Until very recently, reports have drastically underestimated the amount of methane leakage from oil and gas extraction and transmission, in part because in many cases we’re not actually measuring it. There is a growing consensus from scientists, however, that fossil fuels, including “natural” gas, are leaking much more methane than is currently accounted for. But just how much?
To improve our own practices and to enable others to do the same, we just published a new report with guidelines to account for the full life cycle of natural gas. These guidelines are intended for policymakers, funders, investors, and anyone who evaluates projects that affect natural gas consumption.
We found that a more accurate methane leakage rate is 2.7%, double what is currently reported in the National Inventory Report (NIR). Although Environment and Climate Change Canada’s most recent NIR acknowledges that potential under-estimation of methane emissions is a real issue and has committed to resolving these discrepancies in future reports. We also advocates for using time horizons of 20 years for all scenarios outside of emissions inventories.
What does it mean in the real world? We need to get off natural gas now
Combustion of natural gas makes up 45% of all GHG emissions in the Greater Toronto and Hamilton Area (GTHA), but that only includes what is emitted onsite during its use – such as for heating, cooking, and a small amount for electricity generation. Almost none of the methane leakage that happens during extraction and transmission is counted in our inventories or any other reporting. While it was widely understood that fugitive emissions are a significant problem, it is now clear that leakage is likely more than double reported rates, and a larger driver of climate change than previously thought.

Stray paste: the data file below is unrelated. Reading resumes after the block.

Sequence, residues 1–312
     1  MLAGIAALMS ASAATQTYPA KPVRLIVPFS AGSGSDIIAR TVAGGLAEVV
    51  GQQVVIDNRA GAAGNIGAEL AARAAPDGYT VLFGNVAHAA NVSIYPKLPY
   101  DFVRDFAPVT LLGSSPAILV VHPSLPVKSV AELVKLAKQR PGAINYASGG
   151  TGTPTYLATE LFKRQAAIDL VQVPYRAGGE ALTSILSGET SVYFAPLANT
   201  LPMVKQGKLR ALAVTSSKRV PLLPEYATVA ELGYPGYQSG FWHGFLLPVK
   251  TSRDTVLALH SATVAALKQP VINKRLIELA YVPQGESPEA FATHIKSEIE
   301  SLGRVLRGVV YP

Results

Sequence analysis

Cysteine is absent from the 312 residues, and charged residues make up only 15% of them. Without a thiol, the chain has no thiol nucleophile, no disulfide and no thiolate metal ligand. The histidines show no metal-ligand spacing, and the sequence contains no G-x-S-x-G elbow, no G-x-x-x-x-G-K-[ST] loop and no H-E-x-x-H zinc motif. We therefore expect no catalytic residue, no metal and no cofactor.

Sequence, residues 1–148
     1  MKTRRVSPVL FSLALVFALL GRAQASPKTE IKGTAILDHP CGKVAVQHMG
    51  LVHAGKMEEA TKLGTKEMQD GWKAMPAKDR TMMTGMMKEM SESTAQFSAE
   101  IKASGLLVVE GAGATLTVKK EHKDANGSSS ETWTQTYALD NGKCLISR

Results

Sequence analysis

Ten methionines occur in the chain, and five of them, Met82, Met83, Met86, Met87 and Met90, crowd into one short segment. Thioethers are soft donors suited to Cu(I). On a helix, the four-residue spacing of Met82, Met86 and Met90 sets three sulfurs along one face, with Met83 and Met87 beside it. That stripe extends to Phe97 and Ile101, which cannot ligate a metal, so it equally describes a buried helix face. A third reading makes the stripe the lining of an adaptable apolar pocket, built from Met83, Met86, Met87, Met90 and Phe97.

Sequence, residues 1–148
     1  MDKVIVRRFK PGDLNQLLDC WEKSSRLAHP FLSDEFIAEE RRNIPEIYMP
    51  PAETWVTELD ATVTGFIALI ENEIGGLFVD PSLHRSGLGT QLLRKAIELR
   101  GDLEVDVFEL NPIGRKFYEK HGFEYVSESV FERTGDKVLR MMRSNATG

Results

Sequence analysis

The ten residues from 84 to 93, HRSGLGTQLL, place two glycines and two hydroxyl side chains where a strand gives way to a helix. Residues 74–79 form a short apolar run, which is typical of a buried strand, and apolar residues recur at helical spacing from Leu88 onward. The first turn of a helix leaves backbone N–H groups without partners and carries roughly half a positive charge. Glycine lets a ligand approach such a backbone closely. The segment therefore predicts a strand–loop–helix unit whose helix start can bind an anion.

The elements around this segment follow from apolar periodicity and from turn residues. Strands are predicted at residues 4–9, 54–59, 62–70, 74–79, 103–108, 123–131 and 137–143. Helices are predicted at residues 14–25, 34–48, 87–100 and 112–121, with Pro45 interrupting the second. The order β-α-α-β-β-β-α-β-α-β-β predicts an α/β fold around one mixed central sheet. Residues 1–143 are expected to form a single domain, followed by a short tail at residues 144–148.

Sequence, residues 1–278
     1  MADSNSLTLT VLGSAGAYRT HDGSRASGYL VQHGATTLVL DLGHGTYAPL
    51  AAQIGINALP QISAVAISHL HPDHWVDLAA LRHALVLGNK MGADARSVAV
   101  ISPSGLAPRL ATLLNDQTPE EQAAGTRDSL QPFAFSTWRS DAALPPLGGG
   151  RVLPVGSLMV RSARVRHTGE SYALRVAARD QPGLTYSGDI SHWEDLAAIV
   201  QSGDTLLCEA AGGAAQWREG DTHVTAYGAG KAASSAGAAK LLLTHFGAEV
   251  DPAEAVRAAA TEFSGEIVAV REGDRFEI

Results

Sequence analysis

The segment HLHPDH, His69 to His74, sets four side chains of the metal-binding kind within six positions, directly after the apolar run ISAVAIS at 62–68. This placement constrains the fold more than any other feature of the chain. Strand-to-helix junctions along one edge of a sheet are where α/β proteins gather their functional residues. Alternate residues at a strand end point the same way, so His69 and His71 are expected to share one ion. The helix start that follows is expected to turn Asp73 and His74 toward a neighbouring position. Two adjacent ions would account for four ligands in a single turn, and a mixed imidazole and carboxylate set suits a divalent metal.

Natural gas, however, has been positioned by some as a “bridge fuel” to a clean economy and a “cleaner” alternative to coal and oil. It comes with benefits, like leveraging existing transportation and storage infrastructure, and being highly dispatchable, so, it is an attractive solution for those resistant to changing our existing, carbon-intensive systems. That point of view is on increasingly shaky ground, with research now showing the health and climate dangers of heavily relying on natural gas in the near-term to meet our energy needs is incompatible with a livable planet. In some scenarios, we found natural gas to be as bad as coal for climate change.
Ontario is approaching a series of inflection points that threaten to further lock-in natural gas infrastructure, many of which have viable low-carbon alternatives. The electrification of our building and transportation sectors, through the rapid adoption of technologies such as electric vehicles and heat pumps, is essential to meeting our climate targets. Those efforts will be undermined if we don’t also decarbonize our grid in parallel. All of this underscores the need for a robust and ambitious national Clean Electricity Standard, made possible in part by the rapidly decreasing costs of renewables and storage.
While the climate imperative is clear, there are other reasons to accelerate a shift away from natural gas. A recent CBC article, drawing from research from Stanford University and the University of Saskatchewan, showed that natural gas stoves are linked with significant health risks due to the indoor pollutants created through their usage, findings further supported by a 2020 report from the Rocky Mountain Institute. Other studies have established that methane leaks are also present at other household point sources, such as furnaces and water heaters.
We are set to make several crucial climate policy and investment choices over the next decade, many of which will consider natural gas combustion as an option and will be prohibitively expensive to reverse. These decisions must be made while considering the full cost of methane emissions. Check out the report and recommendations for policy makers and share here.